Praxis Magazine Online is honored to present the fifth chapbook in our 2019/2020 Poetry Chapbook Series selected by JK Anowe: Twilight People by Jarred Thompson. Read the Foreword from Stanley Princewill McDaniels here, then download and read: Twilight People by Jarred Thompson.
Foreword by Stanley Princewill McDaniels
I couldn’t tell what it was at first, couldn’t lay finger to. It kept slipping off my meandering mind, & not being able to lay finger on, not being able to grapple, which is the question, & which by itself is by itself the answer – first, it was nostalgia.
What makes nostalgia distinguishable from memory? Or, maybe nostalgia the thing before the threshold of memory, the furling & unfurling clouds of smoke that not so much as blur your vision, no, but defines the fervour, the restiveness of being in-between the hunting & the chase. At what point does the staggering experience of nostalgia equals a person trying to remember?–remember what? – remember who?
Jarred Thompson’s collection, Twilight People, is a poetry chapbook of fifteen poems that evokes this debate, not so much as the subject of interest in this collection – for it is clear: apartheid as nostalgia, nostalgia as residue, residue from a teacup we never asked to drink from –no, instead the nostalgia pertains to the aesthetics of Jarred’s poetry, how the lines come with a certain ease. So I had to go back to the internet to find & read again the poetry of Madagascan poet Jean Joseph Rabearivelo. Though distinct in their own art, both poets draw a subtle feature in their craft – the easing sentences, subtle yet poignant images, diction, and punctuation.
We first encounter Before twitter there was the front stoep – a poem whose title is as
well its beginning, whose images transfigures the reader into what it felt
like, what it would have felt like, really, to sit on a stoep amidst uncles and aunties debating, as is now
how this one married that one,
how this one is step brother of that one.
Where we sat after my cousin’s suicide
contemplating the informal settlement next door
siphoning off our electricity.
Where my elders sat in a row, drinking,
communing in a moment that bled them
together. Where I’d sit, wordlessly, transcribing my life
against a backdrop of factories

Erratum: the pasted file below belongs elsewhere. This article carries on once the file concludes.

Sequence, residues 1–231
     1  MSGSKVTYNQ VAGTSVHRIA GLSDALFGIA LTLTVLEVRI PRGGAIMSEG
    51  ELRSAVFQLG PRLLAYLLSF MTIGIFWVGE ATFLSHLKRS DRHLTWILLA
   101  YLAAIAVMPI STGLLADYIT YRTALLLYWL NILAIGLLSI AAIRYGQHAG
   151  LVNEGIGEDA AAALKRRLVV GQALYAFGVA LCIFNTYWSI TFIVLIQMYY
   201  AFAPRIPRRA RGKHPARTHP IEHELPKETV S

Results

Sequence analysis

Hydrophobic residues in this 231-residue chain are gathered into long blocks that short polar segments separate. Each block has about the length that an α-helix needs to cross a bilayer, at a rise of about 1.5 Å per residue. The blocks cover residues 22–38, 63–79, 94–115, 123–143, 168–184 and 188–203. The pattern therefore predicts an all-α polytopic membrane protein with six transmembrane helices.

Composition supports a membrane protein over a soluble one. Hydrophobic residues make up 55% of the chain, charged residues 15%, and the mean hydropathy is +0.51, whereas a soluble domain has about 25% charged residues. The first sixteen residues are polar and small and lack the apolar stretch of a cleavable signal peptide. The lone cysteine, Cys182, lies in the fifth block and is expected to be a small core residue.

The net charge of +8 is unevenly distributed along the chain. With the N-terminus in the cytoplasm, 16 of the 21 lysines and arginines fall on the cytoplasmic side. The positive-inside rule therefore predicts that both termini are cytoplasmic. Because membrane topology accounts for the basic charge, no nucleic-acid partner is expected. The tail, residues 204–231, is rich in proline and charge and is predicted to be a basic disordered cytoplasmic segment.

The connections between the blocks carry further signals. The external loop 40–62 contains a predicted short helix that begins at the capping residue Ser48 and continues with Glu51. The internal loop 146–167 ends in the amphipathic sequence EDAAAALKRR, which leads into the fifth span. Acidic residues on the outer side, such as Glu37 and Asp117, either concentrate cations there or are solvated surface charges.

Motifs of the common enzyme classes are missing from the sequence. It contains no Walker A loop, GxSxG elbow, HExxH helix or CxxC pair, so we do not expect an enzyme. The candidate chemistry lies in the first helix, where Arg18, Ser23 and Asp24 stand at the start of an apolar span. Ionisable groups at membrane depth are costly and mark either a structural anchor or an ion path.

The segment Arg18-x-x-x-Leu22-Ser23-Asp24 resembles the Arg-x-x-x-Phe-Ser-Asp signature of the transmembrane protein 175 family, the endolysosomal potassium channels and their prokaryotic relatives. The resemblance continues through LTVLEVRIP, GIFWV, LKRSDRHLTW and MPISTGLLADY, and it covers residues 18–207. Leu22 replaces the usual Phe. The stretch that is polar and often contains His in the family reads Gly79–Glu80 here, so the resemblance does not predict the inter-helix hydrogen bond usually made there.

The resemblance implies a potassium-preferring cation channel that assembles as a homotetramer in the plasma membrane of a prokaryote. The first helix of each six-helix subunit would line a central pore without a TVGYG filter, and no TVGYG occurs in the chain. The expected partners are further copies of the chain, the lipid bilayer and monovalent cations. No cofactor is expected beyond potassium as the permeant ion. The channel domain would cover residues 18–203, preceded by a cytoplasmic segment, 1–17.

that housed memories of dog walks, climbing trees,
playing games with stones and endless cricket victories.
In subtle, yet tightly enveloping
images, Jarred Thompson’s Twilight People explores the residue of apartheid in the teacup of South Africa’s modern
history, which tells us that his is not a remembering, per se, but a
confrontation of the prevalence – not resurrection, I think – of what we
thought was of the past as not the past at all, but a reincarnation as in Post Apartheid, where We are ‘post’ but not delivered from this
rainbow Ferris wheel. / Multiplied by
and redacted whites-only signboards, we’re divided / by amnesia
and equaled to a World-Class Constitution.
But it is however ironical that a constitution – a world-class one at that, which its enactment was & is assumed to protect & preserve (if we agree this is correct, that is) – would sit and watch as, in the poem Poaching, you came in with your bloody hands, / carcasses hanging from your fingers. And When I spied the cardiac muscle between your teeth, / the eye jelly in your pocket, the fingernails, the necklace of ears round your neck, / I thought they were gifts you were laying at my feet. And at this point I joined Jarred in decrying the cruelty of poachers contributing to the extinction of wild-life I’m not so sure my unborn children would ever get to see roam the face of the Earth.
In beyond the sum of symbols, we find desire – bodily desire – between boys in a church (most likely a Catholic church), crowded with incense, crosses and colonizers through which still, people could desire each other never-minding the zigzag lines of morality inscribed into their knees from kneeling on the carpeted pew.
Through the entire chapbook, Jarred’s images are piercing, tugging, screaming, confirming your deepest fears about what you thought was over as Sacks of meat hung / upside down, bodies packed row to row in the poem Singing Trees, at which end he asks when singing trees die / where do their songs reappear? At which point I ask: when trees holding sacks of meat hung upside down die, what song do they sing? Do they know the names of their dead? Do the final cries of their dead get stored in their boughs the way the blood of the 16th century sorceress Vivienne Nimue stored hers in a tree? What is this tree? Is it history? Is it society? Is it the political contraption of the state? Is it the constitution – this Thing by which & in whose name the expression of humanness is over-determined by?
Twilight People is a smoke atop a mountain, one which no one should ignore.
Stanley Princewill McDaniels,